The Wildlife Trusts believe that culling badgers is not the answer to the bovine TB problem
The Wildlife Trusts are very conscious of the hardship that bovine TB (bTB) causes in the farming community and the need to find the right mechanisms to control the disease. However, we believe that a badger cull is not the answer. Biosecurity and vaccination should be at the centre of efforts to tackle this disease rather than a badger cull.
The problem is Bovine TB (not badgers) and the challenge is to control the disease. There is no single quick, cheap and effective fix. We recognise the seriousness of the situation for farmers but the emphasis of all our efforts should be to find a long-term solution.
Scientific research funded by the Government has shown conclusively that badger culling, unless carried out in line with strict criteria including the requirement to be across very large areas, could be counterproductive. Large-scale badger culling trials show an initial worsening of the disease due to perturbation. Over the longer term, there may be a positive impact of a 12-16% reduction of bTB in cattle, but this still leaves at least 84% of the problem. Lord Krebs, who designed a previous trial, concluded that that “culling is not a viable policy option”.
Tackling the disease should therefore include the following measures:
- Biosecurity: All possible measures should be pursued to prevent disease transmission on-farm.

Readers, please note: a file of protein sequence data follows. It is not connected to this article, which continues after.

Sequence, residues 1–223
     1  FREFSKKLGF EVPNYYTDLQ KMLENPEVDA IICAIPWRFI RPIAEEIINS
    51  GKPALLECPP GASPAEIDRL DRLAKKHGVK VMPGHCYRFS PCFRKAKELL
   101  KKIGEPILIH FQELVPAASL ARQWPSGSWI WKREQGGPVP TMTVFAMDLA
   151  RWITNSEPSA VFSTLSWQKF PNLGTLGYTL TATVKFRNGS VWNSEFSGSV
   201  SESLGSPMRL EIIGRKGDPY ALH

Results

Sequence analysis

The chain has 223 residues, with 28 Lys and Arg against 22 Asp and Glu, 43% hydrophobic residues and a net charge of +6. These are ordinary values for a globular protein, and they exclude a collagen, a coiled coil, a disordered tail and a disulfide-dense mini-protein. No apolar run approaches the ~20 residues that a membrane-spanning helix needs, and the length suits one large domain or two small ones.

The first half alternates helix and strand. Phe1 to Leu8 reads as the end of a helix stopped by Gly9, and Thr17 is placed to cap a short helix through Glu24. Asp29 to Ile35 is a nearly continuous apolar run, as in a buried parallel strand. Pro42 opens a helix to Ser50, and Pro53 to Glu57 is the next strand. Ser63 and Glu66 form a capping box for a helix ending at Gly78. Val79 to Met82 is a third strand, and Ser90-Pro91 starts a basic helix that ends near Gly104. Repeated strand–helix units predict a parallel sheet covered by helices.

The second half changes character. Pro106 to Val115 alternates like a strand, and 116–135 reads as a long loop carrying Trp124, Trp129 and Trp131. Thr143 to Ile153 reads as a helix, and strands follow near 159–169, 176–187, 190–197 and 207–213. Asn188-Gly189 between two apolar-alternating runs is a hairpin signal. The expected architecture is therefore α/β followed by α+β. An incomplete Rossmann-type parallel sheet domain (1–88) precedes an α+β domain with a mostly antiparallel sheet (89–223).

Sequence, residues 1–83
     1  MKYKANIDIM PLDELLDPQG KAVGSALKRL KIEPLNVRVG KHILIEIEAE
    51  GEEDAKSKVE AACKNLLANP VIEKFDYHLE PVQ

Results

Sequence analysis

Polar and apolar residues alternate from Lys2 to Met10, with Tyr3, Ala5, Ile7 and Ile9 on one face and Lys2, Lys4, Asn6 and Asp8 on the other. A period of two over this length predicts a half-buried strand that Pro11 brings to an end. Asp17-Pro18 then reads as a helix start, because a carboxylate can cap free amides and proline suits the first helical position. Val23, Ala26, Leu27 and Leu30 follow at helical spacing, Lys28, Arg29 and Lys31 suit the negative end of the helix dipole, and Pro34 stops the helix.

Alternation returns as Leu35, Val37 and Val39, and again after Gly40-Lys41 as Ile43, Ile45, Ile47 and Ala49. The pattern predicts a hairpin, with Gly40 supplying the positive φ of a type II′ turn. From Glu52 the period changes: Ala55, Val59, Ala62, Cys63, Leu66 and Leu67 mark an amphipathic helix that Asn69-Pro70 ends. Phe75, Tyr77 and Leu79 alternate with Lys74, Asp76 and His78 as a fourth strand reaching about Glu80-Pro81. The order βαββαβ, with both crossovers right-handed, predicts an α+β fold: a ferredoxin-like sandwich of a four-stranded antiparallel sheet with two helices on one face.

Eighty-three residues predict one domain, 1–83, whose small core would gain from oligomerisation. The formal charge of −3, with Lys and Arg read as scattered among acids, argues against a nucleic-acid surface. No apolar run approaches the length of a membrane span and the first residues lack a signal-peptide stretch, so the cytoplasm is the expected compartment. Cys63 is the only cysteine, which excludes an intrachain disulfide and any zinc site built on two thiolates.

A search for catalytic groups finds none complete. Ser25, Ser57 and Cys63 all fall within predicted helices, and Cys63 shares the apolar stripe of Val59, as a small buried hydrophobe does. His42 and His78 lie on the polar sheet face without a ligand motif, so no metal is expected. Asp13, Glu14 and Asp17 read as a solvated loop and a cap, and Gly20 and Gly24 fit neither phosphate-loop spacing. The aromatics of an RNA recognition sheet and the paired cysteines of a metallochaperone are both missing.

- Badger vaccination: Support landowners to use the injectable BadgerBCG vaccine. We also urge Defra to continue development of an oral badger vaccine.
- Cattle vaccine: Complete development of a cattle vaccine and secure change to EU regulation to permit its commercial deployment.
The 'perturbation effect'
Badgers typically live in social groups of four to seven animals with defined territorial boundaries. Culling disrupts the organisation of these social groups, increasing the risks of disease transmission as shown below.
This is known as the 'perturbation effect'. The Independent Scientific Group on Cattle TB concluded in its final report (2007) that it was 'unable to conceive of a system of culling, other than the systematic elimination, or virtual elimination, of badgers over very extensive areas, that would avoid the serious adverse consequences of perturbation'.
The Wildlife Trusts’ President Simon King OBE and our President Emeritus Sir David Attenborough have, along with others, articulated their views on the badger cull in this short film produced by the Badger Trust.
|Simon King's letter to David Cameron about the badger cull||273.71 KB|